Many physicians feel they are giving patients too much medical care because they feel pressured to do so.
Archives of Internal Medicine
Many physicians feel patients are receiving too much medical care, according to a report in the .
According to the survey, physicians feel pressured to do more than they really feel is needed, but there are a number of ways to reduce this: malpractice reform, realignment of financial incentives and having more time with patients.
Health care spending in the U.S. exceeds that of comparable countries, and it’s growing at an “unsustainable rate,” according to the authors. The authors were looking into suggestions that “a substantial amount of U.S. health care is actually unnecessary.”
Nearly half (42%) of the physicians surveyed believed that their own patients received too much medical care and just over half (52%) replied that the amount of care was just right. The remainder thought that their patients received too little care.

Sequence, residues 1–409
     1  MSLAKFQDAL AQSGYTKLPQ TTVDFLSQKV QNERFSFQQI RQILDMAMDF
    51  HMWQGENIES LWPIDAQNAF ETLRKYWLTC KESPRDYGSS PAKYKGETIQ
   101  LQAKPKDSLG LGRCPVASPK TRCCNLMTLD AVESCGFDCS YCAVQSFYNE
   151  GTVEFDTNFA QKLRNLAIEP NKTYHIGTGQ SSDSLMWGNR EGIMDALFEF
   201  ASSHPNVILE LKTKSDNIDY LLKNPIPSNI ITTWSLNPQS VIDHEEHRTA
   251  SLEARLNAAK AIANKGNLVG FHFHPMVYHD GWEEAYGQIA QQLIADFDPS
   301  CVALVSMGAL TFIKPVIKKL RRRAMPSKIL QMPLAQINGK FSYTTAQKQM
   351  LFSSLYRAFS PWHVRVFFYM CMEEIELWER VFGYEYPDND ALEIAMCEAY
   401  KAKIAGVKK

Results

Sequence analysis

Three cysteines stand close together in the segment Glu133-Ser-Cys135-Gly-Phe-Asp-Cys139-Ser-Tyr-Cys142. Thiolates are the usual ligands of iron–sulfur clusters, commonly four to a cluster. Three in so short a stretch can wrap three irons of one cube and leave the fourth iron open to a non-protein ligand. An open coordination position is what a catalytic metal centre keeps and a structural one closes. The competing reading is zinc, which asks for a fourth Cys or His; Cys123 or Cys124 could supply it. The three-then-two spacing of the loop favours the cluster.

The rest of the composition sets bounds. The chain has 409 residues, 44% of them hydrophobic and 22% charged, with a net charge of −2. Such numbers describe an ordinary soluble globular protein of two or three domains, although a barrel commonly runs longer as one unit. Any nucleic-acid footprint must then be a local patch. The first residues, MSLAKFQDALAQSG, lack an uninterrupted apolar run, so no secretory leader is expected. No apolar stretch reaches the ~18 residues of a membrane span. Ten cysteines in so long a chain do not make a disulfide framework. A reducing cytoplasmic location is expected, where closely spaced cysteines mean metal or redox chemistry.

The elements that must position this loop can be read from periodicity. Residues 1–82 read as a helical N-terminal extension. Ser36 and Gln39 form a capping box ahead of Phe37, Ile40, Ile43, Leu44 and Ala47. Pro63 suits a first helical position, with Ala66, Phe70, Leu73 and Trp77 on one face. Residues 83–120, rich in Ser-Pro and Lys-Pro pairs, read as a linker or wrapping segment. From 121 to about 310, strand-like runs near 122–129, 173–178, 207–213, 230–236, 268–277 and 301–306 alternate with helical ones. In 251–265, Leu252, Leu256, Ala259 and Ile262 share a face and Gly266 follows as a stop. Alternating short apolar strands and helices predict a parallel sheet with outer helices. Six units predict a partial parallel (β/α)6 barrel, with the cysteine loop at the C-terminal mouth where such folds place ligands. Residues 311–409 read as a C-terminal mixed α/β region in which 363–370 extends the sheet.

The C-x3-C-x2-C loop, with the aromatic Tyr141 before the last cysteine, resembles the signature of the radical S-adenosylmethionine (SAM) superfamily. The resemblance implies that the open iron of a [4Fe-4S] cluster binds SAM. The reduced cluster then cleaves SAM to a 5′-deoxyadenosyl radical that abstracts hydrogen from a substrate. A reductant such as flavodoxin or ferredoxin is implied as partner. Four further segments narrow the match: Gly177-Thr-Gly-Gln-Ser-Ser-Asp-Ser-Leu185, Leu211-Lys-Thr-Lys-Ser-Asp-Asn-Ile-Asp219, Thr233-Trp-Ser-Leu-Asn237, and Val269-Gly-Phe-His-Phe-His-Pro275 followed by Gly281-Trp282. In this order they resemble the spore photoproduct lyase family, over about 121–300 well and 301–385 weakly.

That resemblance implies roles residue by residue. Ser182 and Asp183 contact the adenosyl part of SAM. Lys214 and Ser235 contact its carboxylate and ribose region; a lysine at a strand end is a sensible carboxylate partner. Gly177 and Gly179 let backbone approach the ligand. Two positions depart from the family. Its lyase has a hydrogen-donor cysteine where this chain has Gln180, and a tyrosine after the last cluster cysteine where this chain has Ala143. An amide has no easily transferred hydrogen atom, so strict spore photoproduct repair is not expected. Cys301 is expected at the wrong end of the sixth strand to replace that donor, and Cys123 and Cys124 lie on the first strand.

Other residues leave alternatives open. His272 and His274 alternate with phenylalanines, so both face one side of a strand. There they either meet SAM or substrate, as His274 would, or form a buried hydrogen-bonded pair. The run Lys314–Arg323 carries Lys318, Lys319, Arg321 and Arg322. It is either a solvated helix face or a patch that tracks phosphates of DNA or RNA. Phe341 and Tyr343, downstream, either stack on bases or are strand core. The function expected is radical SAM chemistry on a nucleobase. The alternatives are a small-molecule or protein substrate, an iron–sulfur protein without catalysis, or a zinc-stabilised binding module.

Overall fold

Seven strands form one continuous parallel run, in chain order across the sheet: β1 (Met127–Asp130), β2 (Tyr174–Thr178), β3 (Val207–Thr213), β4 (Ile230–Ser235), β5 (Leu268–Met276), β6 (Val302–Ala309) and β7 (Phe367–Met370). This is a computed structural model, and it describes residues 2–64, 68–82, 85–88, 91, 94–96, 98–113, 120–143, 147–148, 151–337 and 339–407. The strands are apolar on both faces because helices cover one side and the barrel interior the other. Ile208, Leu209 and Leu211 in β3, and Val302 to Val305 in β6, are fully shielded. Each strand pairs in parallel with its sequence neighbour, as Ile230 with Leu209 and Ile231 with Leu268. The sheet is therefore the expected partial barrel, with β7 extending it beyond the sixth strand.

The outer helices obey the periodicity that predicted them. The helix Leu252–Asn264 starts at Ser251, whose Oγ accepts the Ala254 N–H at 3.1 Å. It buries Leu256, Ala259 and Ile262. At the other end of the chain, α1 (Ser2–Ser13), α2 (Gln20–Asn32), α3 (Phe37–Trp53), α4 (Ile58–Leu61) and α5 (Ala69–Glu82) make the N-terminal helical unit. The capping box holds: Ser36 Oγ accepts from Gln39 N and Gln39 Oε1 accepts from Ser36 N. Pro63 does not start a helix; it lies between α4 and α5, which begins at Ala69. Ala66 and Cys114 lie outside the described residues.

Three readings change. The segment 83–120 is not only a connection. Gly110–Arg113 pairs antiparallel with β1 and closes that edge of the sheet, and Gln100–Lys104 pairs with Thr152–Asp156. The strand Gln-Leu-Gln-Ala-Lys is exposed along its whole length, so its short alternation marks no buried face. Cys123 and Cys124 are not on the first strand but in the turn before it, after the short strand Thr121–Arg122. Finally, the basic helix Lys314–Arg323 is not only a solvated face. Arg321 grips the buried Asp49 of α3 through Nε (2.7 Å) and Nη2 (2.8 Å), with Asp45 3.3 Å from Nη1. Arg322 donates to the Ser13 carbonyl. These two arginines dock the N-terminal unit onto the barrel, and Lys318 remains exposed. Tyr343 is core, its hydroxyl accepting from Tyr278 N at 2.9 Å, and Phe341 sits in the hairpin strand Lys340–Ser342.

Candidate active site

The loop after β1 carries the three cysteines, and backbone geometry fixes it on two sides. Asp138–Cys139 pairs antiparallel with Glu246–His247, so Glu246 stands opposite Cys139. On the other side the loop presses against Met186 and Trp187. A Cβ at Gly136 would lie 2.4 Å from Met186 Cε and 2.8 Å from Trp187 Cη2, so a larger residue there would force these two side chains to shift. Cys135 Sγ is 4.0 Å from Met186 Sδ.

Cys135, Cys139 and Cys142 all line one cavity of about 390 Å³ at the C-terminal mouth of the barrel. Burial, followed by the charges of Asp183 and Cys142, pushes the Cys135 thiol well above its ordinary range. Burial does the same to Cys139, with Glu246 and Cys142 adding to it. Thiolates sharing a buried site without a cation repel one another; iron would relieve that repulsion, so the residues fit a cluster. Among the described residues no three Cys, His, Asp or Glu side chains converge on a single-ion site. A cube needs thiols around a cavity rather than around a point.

While physicians thought they (28%) or others in their community (29%) were practicing too aggressively, a much higher percentage reported that mid-level primary care clinicians and medical subspecialists practice too aggressively — 47% and 61%, respectively.
Of the three factors that cause physicians to practice too aggressively, malpractice concerns were the most important and 83% of physicians believed they could be sued for not ordering a test that was indicated. Three-quarters of respondents identified malpractice, while 52% said clinical performance measures and 40% said not enough time spent with patients.
According to the authors, physicians want to practice more conservatively with how they treat their patients.
“Physicians believe they are paid to do more and exposed to legal punishment if they do less,” the authors wrote. “Reimbursement systems should encourage longer primary care physician visits and telephone, e-mail and nursing follow-up, rather than diagnostic intensity.”